The winners from our second healthcare advertising brief
We had an excellent response to our second healthcare advertising brief for One Minute Briefs on Tuesday. In case you missed our blog post about this competition being run by Wellmark and Advertising Health, you can read about it here.
Last Tuesday was WHO World Health Day, and this year the theme was ‘safe food’. So we invited people to create an ad to raise awareness of safe food practices, based on the following brief.
More than 60 entries were submitted, and the responses reflected a broad range of creative approaches. It’s fair to say that some could have done with more supporting copy, but given the ‘one minute’ rule, the entries were judged on their conceptual strength rather than their suitability as finished ads.
The general standard was high, but the following entries were the best (in our opinion).
The overall winner was this ad by Garrick Middleton (@garrickmidd).
The most obvious feature here is the striking image, which practically demands the viewer’s attention. The importance of an ad ‘cutting through’ like this (if you’ll pardon the pun) simply can’t be overstated. And the copy complements the image beautifully: a clever play on words that nevertheless conveys a clear message. Nicely done.
We thought that the following entries, in no particular order, were also worthy contenders.
Rich Bayley (@richbayley80) submitted this dodgy character.
Again, this is an ad that captures one’s attention because of the unusual nature of the image. More than that, though, its (admittedly perverse) charm demonstrates that humour can still have a place when communicating serious messages. And it’s also an eminently campaignable concept – you can imagine a guilty chicken or pig working well too. A fine idea.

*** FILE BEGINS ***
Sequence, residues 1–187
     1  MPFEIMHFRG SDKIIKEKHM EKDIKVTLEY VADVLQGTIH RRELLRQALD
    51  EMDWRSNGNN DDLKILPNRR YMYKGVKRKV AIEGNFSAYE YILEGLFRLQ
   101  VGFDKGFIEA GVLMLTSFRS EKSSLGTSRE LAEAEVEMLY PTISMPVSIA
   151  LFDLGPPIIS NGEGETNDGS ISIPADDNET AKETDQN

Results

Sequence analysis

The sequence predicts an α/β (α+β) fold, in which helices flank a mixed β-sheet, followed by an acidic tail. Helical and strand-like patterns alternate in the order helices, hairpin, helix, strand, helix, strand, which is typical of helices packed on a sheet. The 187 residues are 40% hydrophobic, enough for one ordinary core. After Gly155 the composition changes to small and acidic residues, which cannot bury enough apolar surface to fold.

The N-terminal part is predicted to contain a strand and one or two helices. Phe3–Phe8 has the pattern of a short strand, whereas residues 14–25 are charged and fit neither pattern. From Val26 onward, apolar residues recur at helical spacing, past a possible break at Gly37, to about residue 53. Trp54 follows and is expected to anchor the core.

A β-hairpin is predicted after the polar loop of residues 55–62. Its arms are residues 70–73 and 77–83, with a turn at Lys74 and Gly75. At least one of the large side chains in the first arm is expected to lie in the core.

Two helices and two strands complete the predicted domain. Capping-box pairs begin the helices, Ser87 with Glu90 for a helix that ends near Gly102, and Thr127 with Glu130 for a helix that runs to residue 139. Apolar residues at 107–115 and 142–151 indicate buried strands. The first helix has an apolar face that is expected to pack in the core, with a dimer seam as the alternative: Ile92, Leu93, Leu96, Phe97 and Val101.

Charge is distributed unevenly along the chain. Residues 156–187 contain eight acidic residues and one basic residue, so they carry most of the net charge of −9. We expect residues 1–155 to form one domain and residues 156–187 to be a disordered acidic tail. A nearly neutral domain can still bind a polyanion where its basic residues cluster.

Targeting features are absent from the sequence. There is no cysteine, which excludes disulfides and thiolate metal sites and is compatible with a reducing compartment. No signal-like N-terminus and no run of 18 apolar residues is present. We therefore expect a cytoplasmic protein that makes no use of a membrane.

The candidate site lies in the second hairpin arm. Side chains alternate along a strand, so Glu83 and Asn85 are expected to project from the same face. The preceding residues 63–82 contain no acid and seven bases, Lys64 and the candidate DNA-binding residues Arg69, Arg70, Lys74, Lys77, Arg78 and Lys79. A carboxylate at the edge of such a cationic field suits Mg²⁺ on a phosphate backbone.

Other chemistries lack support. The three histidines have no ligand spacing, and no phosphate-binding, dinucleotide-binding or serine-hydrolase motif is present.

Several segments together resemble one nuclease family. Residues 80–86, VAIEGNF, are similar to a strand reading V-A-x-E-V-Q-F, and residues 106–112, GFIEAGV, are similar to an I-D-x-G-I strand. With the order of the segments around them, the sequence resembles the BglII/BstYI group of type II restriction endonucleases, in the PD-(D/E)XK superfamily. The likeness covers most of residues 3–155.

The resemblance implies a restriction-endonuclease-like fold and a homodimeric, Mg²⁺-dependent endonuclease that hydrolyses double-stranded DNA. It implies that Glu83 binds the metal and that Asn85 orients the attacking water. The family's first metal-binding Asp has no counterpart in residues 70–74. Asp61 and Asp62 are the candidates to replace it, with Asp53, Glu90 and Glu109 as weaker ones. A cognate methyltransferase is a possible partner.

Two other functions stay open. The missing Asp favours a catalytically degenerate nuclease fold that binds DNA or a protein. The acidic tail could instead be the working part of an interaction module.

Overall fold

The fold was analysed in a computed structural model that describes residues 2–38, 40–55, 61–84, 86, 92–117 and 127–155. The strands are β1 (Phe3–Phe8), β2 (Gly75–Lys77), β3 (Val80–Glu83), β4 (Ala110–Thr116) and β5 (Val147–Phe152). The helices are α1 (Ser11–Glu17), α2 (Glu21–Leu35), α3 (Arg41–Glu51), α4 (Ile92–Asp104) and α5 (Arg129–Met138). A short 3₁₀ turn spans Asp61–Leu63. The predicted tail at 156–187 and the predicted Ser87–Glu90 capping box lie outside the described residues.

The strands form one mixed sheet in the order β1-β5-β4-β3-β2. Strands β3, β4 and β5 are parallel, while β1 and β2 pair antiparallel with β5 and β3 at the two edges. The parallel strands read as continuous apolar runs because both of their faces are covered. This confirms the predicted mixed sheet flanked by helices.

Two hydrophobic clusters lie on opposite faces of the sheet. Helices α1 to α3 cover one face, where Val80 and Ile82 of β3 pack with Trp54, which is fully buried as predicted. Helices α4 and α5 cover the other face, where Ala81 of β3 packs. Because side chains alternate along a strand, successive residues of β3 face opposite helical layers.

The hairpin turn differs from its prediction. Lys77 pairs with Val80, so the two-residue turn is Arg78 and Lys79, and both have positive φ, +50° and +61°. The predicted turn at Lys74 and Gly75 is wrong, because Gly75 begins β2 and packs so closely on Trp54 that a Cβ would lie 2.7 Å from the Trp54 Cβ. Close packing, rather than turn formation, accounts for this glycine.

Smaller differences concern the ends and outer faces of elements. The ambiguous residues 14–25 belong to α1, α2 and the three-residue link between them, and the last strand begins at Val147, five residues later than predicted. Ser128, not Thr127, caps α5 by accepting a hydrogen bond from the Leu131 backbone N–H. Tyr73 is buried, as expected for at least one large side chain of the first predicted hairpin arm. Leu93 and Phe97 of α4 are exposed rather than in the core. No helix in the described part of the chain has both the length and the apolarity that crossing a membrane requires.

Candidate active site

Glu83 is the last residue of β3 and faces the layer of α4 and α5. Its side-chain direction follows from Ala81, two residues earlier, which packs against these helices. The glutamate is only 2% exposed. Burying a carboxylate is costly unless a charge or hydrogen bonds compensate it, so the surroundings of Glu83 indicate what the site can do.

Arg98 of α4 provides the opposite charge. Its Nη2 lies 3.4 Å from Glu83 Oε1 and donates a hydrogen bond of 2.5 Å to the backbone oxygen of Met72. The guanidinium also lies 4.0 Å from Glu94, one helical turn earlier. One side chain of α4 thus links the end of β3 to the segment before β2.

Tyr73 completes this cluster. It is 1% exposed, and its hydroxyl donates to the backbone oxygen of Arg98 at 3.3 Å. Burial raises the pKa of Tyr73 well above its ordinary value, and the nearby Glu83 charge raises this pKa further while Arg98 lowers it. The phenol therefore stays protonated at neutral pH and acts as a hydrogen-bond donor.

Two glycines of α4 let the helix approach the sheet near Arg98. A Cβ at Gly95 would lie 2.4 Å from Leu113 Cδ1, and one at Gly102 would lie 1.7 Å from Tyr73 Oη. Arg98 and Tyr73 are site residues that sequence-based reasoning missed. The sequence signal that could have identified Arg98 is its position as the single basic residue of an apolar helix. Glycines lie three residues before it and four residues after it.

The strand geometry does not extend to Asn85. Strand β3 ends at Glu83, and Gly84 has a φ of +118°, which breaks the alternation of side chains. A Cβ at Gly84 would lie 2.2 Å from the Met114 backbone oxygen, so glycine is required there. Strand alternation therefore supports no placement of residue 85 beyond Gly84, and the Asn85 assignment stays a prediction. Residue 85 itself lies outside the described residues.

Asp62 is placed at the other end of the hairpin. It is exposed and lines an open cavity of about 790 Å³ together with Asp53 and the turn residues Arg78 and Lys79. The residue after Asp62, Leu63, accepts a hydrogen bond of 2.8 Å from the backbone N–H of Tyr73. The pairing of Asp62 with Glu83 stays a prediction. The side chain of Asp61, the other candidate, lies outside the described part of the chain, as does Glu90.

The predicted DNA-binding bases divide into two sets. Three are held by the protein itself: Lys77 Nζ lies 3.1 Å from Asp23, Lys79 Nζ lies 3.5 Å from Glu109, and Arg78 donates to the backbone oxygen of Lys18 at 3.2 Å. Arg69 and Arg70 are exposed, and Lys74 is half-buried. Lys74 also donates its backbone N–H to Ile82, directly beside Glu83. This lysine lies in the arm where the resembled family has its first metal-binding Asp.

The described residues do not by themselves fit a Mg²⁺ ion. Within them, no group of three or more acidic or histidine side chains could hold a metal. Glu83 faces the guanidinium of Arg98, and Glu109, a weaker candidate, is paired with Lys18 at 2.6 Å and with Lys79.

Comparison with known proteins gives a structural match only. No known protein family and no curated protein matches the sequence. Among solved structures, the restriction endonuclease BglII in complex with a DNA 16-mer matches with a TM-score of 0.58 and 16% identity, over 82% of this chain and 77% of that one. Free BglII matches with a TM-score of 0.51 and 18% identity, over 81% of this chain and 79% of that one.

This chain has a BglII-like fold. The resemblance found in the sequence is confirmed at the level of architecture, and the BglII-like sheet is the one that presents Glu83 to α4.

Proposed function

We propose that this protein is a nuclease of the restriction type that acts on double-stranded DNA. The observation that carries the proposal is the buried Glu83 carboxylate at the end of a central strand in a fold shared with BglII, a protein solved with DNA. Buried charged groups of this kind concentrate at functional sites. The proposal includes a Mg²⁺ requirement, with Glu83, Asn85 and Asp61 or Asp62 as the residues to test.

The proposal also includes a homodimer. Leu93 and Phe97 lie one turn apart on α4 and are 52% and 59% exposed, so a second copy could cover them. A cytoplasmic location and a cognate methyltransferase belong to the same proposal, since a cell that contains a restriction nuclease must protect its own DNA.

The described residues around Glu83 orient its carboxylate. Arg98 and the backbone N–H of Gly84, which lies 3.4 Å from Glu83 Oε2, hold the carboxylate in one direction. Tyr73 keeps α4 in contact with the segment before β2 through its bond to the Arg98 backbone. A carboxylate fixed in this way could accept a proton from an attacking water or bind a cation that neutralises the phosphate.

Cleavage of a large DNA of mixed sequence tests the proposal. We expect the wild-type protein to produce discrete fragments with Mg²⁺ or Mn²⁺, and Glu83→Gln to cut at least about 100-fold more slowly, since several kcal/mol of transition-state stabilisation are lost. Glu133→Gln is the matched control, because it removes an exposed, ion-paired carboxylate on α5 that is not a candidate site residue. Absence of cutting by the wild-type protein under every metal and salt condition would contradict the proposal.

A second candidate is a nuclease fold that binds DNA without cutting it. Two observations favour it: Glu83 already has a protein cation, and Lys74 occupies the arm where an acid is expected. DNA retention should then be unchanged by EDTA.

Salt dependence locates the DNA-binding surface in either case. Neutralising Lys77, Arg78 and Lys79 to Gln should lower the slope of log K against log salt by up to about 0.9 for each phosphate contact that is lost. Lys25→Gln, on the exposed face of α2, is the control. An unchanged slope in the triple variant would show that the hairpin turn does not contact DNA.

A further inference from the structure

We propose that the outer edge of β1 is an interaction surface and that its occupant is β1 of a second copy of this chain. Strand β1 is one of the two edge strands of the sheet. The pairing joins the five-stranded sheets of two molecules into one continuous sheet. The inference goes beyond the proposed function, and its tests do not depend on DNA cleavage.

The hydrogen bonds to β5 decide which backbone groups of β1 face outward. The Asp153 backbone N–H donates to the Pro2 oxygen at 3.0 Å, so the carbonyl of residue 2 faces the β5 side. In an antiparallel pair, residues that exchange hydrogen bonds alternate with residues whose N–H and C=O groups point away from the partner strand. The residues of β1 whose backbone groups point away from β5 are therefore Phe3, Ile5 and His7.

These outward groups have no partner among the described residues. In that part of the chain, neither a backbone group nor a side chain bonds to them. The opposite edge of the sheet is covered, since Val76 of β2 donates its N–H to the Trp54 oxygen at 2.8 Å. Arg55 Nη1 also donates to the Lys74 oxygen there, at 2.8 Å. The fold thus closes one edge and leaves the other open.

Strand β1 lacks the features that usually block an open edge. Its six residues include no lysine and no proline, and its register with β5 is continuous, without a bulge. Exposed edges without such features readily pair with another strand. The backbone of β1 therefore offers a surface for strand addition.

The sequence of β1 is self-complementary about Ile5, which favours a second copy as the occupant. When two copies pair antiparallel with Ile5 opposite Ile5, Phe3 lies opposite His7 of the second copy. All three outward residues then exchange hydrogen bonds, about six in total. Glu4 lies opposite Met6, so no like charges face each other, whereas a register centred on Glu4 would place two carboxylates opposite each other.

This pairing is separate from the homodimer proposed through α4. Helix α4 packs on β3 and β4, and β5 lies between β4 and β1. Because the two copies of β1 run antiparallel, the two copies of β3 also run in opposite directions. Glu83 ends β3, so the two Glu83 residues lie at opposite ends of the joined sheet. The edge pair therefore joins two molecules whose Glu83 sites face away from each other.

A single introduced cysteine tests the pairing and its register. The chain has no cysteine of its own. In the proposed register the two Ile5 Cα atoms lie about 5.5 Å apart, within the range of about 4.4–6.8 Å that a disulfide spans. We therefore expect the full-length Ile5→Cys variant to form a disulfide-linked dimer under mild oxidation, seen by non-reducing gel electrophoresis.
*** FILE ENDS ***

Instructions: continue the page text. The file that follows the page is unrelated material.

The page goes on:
There was this one from Stephen Hunter (@stephenhunter21) – although a very similar idea was also submitted by Matthew Wyatt (@matthew_wyatt).
Simplicity can be powerful in advertising, as this ad shows. With barely any copy and a veritable expanse of white space, the ad’s physical demonstration of its message avoids the all-too-common problem of overcomplication.
Jay Sangha (@jay_pegg) was thinking inside the box for this one.
The strength of this ad derives from the intrigue created by the image, together with the payoff delivered by the copy line. Simple and effective.
This scamp was the work of Olly Cooper (@worldofolly).
Less ‘polished’ than many other entries, this neatly shows that advertising is not all about technological gimmicks and expensive photography. Rather, it’s just a good creative idea, which would lend itself particularly well to a TVC.
This was the handiwork of Leanne Worthington (@leaworthington).
Wordplay can be risky in advertising, but (in my opinion) this copy is clever without falling into the trap of being ‘too clever’. And the image is strong too.
And finally there was this idea from Think Big Creative (@thebigcreative).
Sometimes a visual pun can work really well, and I think this is a good example.
Congratulations to the winners, and thank you to everyone who submitted entries. Let’s hope that the message got through to some consumers.